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Gunfire (or Gun-fire) is a British cocktail comprising black tea and rum. It has its origins in the British Army and is also used as a name for early morning tea in the army.[1][2][3]


British ArmyEdit

It is unknown when Gunfire was invented; however it is known that it was mixed by British Army soldiers during the 1890s.[4] Gunfire is served by Officers and Non-Commissioned Officers to lower ranks before a morning attack (as a form of Dutch courage) and as a celebration before a Passing out parade.[5] It is also traditionally served to soldiers in their beds by their officers on Christmas Day at Reveille if they are deployed over Christmas.[6] Individual regiments may carry out the ritual on other days; for example, within the Royal Tank Regiment Gunfire is served on Cambrai Day.[7]

During the Korean War, members of the American Military Police Corps were given Gunfire by British soldiers under the guise of it being normal tea after a recovery mission. This led to intoxication of the MPs who then drove an Armoured recovery vehicle and some army jeeps into a camp gate as a result of Gunfire consumption.[6]

Australian and New Zealander armiesEdit

In Australia and New Zealand on ANZAC Day, a version of Gunfire with black coffee instead of tea is served to soldiers after dawn services as part of the "gunfire breakfast".[8]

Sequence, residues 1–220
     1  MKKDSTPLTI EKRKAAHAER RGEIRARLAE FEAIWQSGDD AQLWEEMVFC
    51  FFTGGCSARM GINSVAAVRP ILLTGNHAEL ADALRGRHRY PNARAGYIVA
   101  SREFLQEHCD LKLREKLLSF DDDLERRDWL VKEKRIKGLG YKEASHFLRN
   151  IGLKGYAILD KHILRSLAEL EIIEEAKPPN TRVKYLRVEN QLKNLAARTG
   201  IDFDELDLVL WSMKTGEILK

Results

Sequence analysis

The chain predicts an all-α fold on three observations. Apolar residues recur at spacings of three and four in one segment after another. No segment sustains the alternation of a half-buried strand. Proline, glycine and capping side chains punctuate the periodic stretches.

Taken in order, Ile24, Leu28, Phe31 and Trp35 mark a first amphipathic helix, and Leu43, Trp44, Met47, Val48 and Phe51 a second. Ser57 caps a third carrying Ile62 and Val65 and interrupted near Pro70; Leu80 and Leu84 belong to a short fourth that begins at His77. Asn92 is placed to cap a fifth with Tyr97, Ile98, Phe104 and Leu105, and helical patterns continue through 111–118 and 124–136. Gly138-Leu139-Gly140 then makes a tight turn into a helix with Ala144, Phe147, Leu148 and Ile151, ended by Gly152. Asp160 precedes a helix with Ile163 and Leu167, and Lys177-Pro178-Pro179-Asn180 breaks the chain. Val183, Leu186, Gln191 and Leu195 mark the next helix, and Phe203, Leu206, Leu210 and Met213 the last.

Gunfire has also been made and drunk outside of military circles. Gunfire was served to participants of British reality programme, Bad Lads Army by the Non-Commissioned Officers before their passing out parade, mirroring the same procedure in the British Army.[9]

Gunfire is also drunk by Australian civilians as well to commemorate ANZAC Day.[10]

Gunfire is similar to Jagertee.


Gunfire consists of one cup of black tea with one shot of rum, which is then stirred in the cup.[11]


  1. "Band, Drums & Music". Queens Royal Surreys. Retrieved 11 June 2013. 
  2. "gun, n.". OED Online. June 2013. Oxford University Press. 18 June 2013
  3. MacDonald Fraser, George (2000). The Complete McAuslan. HarperCollins UK. pp. xiv. ISBN 0006513719. 
  4. Partridge, Eric (2002). A Concise Dictionary of Slang and Unconventional English (8th ed.). Routledge. p. 513. ISBN 0415291895. 
  5. Fisher, Russell (2008). Soldiers of Shepshed: Remembered 1914 – 1919. Shepshed: Troubador Publishing Ltd. p. 216. ISBN 1848760876. 
  6. 6.0 6.1 Dutton, John (2007). Korea 1950–53 Recounting Reme Involvement. Lulu. pp. 26–27. ISBN 0955675308. 
  7. "Regimental Day" Royal Tank Regiment Association
  8. Miller, Jack (2010). Kingdom Collision: The Movement of God's Spirit in a Time of War. CrossBooks. p. 69. ISBN 1462700365. 
  9. "Episode 3.7" (in English). 8 September 2005. Retrieved 11 June 2013. 
  10. Ian Rose (21 April 2013). "Anzac Day: 'over the top' takes on new meaning". Sydney Morning Herald. Retrieved 11 June 2013. 
  11. Miller, Dalyn (2006). The Daily Cocktail: 365 Intoxicating Drinks and the Outrageous Events that Inspired Them. Fair Winds. p. 122. ISBN 1610593790. 

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